Your body is constantly trying to maintain balance or a condition called homeostasis. Homeostasis is when everything in the body is just right, without any spikes or dips in nutrients, hormone secretions, and of course level of acidity. When it comes to balancing acidity, electrolytes have been shown to be a factor in maintaining adequate pH levels. 
Electrolyte imbalance and what it does to your body
Electrolytes help keep fluid balance inside and outside your cells. They make sure our cells are optimally hydrated, not dehydrated or over-hydrated. If something triggers an electrolyte imbalance – medication, sudden change in lifestyle and habits, fad diets, and diseases – this can result in the body producing too much or not enough electrolytes and minerals.
Severe symptoms could also include confusion and sudden change in behavior, seizures, and chest pain. If any of the symptoms are present, you should call an ambulance right away.
Preventing electrolyte imbalance
In many cases, electrolyte imbalance is preventable.
Urine color is a good indicator of hydration level. Barring discoloration due to medicines, vitamins, or supplements, a “clear” urine indicates optimal hydration whereas a dark yellow tinge means you need to drink water. If you’re about to exercise or do some strenuous activity, checking the color of your urine before is a good way to tell if you drank enough water.
Stay hydrated during activity. Sports drinks often advertise electrolytes, but they typically contain way too much sugar for women with PCOS. I suggest always drinking lots of water and adding PCOS Diva Revive on strenuous days. Drink when you’re thirsty, but also drink before you’re thirsty. Try to keep hydration levels consistent.
Getting your electrolytes balanced again
Prevention is always better than cure. However, if you suspect electrolyte imbalance and want a way to treat it, you can try to balance your electrolytes with dietary adjustments (including foods high in minerals as well as managing proper hydration) or through supplementation.
If you do plan on supplementing, look for products that contain the following ingredients:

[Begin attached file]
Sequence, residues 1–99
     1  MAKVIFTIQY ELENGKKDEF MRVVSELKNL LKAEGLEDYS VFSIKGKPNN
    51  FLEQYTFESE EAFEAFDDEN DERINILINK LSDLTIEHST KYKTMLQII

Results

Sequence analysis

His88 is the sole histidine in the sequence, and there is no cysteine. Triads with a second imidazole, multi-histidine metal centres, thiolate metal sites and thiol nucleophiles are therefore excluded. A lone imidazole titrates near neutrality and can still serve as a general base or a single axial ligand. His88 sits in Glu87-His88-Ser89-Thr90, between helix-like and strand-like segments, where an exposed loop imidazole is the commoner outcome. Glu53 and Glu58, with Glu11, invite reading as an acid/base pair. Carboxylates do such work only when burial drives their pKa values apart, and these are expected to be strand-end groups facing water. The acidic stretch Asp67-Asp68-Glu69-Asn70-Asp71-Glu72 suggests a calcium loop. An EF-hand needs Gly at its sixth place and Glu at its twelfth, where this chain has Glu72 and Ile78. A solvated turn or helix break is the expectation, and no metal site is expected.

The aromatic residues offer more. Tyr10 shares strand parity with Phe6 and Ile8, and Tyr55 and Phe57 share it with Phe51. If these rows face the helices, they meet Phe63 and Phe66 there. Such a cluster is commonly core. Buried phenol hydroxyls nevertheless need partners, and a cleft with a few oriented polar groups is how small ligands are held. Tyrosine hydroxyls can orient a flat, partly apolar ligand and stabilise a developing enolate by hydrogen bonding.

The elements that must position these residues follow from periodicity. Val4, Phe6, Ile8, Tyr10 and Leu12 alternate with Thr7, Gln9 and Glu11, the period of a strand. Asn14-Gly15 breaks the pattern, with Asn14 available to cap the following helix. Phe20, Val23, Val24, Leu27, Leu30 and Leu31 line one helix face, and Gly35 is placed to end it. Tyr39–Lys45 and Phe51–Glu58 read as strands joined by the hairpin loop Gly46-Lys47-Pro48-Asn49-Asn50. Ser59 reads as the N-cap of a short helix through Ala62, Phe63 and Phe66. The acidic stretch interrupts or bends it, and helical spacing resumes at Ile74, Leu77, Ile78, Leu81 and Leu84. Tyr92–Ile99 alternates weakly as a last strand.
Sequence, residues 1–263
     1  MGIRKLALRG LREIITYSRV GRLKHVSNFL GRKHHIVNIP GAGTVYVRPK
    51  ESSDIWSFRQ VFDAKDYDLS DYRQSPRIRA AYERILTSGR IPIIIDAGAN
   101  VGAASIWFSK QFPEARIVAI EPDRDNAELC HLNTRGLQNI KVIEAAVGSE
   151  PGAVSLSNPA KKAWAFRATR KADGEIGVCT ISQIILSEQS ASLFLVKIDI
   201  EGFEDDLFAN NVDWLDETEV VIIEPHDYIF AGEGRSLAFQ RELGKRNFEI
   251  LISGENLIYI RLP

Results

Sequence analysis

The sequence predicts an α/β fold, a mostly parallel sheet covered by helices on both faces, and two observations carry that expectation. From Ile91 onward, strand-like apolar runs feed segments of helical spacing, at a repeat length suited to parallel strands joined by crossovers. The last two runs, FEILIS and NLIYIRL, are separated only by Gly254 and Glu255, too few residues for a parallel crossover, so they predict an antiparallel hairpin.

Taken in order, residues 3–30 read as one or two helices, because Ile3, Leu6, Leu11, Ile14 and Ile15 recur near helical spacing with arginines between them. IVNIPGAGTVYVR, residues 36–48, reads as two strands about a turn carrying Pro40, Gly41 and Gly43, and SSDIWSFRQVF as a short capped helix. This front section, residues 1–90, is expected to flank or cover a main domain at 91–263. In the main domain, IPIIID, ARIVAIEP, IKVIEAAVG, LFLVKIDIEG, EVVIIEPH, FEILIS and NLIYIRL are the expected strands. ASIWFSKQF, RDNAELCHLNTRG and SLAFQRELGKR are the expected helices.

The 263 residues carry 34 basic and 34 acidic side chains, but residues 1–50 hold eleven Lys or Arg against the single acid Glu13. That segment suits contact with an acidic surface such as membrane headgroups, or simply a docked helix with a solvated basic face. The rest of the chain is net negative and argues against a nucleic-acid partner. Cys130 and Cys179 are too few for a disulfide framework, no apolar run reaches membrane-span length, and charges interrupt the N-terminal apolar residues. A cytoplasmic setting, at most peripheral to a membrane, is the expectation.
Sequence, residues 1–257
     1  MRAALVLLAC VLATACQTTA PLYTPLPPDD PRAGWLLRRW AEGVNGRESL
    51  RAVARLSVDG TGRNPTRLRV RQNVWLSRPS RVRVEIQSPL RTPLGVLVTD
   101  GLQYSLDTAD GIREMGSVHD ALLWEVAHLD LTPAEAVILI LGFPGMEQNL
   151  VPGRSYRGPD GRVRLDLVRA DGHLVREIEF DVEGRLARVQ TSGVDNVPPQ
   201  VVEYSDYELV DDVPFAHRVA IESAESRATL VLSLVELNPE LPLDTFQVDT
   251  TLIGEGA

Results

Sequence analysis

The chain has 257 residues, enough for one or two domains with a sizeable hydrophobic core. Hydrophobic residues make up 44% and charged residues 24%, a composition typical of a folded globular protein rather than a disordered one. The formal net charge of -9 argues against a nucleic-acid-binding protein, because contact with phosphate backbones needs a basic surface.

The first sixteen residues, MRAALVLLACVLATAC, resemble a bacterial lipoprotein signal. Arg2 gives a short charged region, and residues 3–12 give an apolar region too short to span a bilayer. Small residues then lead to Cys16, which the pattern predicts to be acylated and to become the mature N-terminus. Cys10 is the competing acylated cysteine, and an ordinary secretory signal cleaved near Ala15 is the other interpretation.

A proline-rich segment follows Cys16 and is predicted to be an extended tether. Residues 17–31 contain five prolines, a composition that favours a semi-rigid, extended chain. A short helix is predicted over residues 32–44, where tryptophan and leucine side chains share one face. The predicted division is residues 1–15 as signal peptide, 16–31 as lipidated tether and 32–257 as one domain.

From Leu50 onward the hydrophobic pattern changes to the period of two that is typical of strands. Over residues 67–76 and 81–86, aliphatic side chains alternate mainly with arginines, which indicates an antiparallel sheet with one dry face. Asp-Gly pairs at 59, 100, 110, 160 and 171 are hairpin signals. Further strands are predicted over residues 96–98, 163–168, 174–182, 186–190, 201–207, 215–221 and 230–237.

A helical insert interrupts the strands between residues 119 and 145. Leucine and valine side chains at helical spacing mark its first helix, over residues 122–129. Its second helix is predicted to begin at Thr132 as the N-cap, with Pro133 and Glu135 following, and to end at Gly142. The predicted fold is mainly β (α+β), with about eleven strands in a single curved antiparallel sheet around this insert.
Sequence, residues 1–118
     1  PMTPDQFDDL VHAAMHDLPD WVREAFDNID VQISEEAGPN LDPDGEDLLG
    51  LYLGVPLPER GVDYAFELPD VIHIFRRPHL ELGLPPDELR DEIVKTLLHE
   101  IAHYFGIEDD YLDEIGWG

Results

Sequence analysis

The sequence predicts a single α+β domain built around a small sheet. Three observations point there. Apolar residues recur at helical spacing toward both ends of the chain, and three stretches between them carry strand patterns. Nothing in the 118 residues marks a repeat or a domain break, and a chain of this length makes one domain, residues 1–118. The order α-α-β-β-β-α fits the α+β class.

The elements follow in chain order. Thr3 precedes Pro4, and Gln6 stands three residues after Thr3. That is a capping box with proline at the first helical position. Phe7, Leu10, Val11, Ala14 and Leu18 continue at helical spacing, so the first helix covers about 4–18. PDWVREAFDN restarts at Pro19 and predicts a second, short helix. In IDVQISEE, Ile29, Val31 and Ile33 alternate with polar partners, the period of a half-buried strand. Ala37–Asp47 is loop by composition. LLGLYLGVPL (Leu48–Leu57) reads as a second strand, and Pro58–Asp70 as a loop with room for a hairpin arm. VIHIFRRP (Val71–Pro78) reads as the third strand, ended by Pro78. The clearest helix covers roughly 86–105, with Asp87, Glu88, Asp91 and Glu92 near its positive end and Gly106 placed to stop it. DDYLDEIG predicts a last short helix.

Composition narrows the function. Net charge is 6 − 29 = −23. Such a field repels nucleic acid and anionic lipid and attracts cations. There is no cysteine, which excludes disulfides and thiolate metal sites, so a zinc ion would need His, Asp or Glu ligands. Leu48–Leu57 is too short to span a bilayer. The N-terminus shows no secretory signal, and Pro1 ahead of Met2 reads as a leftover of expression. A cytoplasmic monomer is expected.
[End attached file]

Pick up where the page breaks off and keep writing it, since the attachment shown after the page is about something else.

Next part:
- Electrolytes. For obvious reasons, an electrolyte supplement is not complete without the actual electrolytes as ingredients. Be on the lookout for minerals like magnesium, sodium, and chloride.
- D-Ribose. This not-so-common ingredient is a type of naturally occurring carb and factors in the body’s energy production. As part of an electrolyte supplement, ribose helps with cramping and stiffness.
- Taurine. Another ingredient that helps with cramps as low taurine levels have been associated with the symptom. Apart from symptom relief, taurine helps the body by boosting cell hydration.
- Citrus. Citruses often contain calcium and potassium. When combined with salt, citruses help balance the fluid levels in the body.
Your Solution: PCOS DIVA REVIVE
PCOS DIVA REVIVE is especially designed to boost hydration, regulate blood pressure, support exercise recovery, and more importantly, replenish lost electrolytes. Not only does it contain the ingredients highlighted, it also has quercetin and rutin, two potent antioxidants that not only help fight inflammation and oxidation, but also aid in muscle recovery. Magnesium and potassium also support systems associated with chronic stress.
Amy Medling, best-selling author of Healing PCOS and certified health coach, specializes in working with women with Polycystic Ovary Syndrome (PCOS), who are frustrated and have lost all hope when the only solution their doctors offer is to lose weight, take a pill, and live with their symptoms. In response, Amy founded PCOS Diva and developed a proven protocol of supplements, diet, and lifestyle programs that offer women tools to help gain control of their PCOS and regain their fertility, femininity, health, and happiness.